The only downside to these password manager apps is that they do have a potential weak point if someone gains your master password, but it is up to you to keep that safe. Apple products now also include regular scans of password leaks to inform you of a compromised password. Dashlane does the same thing if you are on a PC. Google has also started offering this in their saved passwords section. You really don’t have to go out and change your password on everything unless the site contains information that could be used to harm you or someone else.

While you’re going through your passwords and changing them. You might as well start deleting accounts you don’t use. Why leave random traces of information on a server and forget about them? Once you’ve done this you’ll be extremely safe from hackers. But what about government entities and private companies that want your data?

Risk 2: Your Data Privacy

Your data is valuable. Many “free” services are simply in the business of selling your data. On the surface it might sound sinister, but the purpose of it is usually for advertising dollars to be spent well. If you sold something like high end stereos, wouldn’t it be great to be able to only spend your ad dollars on people who liked stereo equipment? This is what most companies do with your data. The problem is that it has gotten a little bit out of hand. There is even speculation that Facebook is listening in on your phone’s microphone. This hasn’t been proven. However We can definitely tell that they want as much data as possible.

If you’re like me, you value your privacy. You shouldn’t have to worry about your every action being tracked online, so there are a few ways to fix this.

Disable Tracking Cookies

The most common way to be tracked online by Facebook or other companies are tracking cookies. In fact there has recently been much controversy surrounding third party cookies. A third party cookie allows a company to track what actions you take on other websites. If you have ever seen a GDPR cookie consent popup, this is the EU’s new privacy requirement. They are telling you that your data will be shared with other companies (most notably Facebook). However Apple is now attempting to stop the use of third party cookies with their browsers. This has created a major backlash from Facebook. There are also extensions from the chrome web store that allow you to do the same thing. Should you worry about cookies? Probably not. It can be spooky to see suggestions from advertisers based on your past web activity, but this isn’t usually compromising information.

You probably don’t need a VPN

One of the most common selling points of VPN companies is protecting your data from companies who are spying on you. However, there is a simple technology on the web known as HTTPS. You’ll notice we use it on our website. 99% of all websites use it. HTTPS is a simple encryption service that makes it impossible for anyone to spy on your online activity. Hackers and ISPs can only see the website name, but cannot see the content of your activity online. This means they can’t see what you search, your passwords, your info or anything else. Sure, there are reasons for hiding what websites you visit from ISPs, but that’s not usually a concern for most people. Even if you get a VPN, you’re still just choosing to share your website visits and IP address with the VPN instead of a regular ISP. If you are in a country that doesn’t allow certain websites or want to watch region locked content, that could be a legitimate reason to use a VPN.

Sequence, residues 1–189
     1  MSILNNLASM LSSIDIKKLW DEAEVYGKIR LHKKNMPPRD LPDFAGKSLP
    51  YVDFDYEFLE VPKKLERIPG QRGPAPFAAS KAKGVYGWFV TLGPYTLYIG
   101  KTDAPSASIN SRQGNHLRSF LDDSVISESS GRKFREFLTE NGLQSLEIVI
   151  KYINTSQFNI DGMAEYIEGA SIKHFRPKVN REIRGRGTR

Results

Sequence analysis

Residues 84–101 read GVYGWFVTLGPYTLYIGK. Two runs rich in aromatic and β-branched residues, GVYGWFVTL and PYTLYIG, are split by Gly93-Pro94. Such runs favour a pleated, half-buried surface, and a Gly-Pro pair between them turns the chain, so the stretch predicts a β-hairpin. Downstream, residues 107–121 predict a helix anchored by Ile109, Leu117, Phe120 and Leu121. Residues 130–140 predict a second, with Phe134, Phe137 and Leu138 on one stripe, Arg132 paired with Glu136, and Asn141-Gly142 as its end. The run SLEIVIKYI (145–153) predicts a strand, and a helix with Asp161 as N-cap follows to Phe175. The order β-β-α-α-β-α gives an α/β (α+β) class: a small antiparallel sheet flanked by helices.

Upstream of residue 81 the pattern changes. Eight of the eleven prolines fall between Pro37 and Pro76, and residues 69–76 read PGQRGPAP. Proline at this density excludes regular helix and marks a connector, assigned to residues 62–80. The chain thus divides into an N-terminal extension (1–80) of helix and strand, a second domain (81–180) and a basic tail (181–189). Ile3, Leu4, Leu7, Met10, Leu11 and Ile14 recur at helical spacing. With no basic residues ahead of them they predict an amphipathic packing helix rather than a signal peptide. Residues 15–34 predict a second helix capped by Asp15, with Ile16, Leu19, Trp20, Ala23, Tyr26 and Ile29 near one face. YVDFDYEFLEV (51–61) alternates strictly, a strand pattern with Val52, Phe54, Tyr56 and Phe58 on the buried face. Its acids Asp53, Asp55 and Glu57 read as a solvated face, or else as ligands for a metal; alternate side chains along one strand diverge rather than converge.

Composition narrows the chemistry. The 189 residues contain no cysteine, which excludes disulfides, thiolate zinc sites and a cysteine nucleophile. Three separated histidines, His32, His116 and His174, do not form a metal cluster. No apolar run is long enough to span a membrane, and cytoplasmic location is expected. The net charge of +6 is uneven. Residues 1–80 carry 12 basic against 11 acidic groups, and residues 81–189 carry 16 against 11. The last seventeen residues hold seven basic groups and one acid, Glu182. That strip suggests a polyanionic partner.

Decrease your Digital Footprint Online

Unfortunately any human who uses the internet at anytime risks their data being stored in a million different places. This can be bad especially if something like your home address is available online. Why on earth would anyone want their home address accessible online? Yet most people don’t even know that the white pages lists their home address for all to see. To prevent this you’ll have to go through and manually remove those listings. A great list of services that could potentially list your home address and phone number together isHere.

In Conclusion

If you’d like to stay safe and anonymous online, there is no one size fits all solution. It greatly depends on what kind of information of yours is available online. If you mostly just use social media and email, check to see if your data has been compromised and use a password manager to create new passwords for each service. Everyone should also google themselves to make sure there is no compromising information that comes up on the search. If you’re concerned that Facebook is selling your information, then you’ll just have to avoid using them as a platform. There are privacy friendly search engines like DuckDuckGo that make it easy to be anonymous online.

Join our Newsletter

Receive exclusive offers, invitations, and updates from our family to yours!

Share This Article With Your Friends

Share on facebook
Share on twitter
Share on linkedin
Share on pinterest

Practical Preppers is an alternative energy company focused on clean, sustainable, energy. We are passionate about helping customers achieve independent water and energy solutions. Visit our featured projects page to see what we have been up to.

Join our community of over 250,000 subscribers on Youtube to follow Scott on installs, new technology, and more!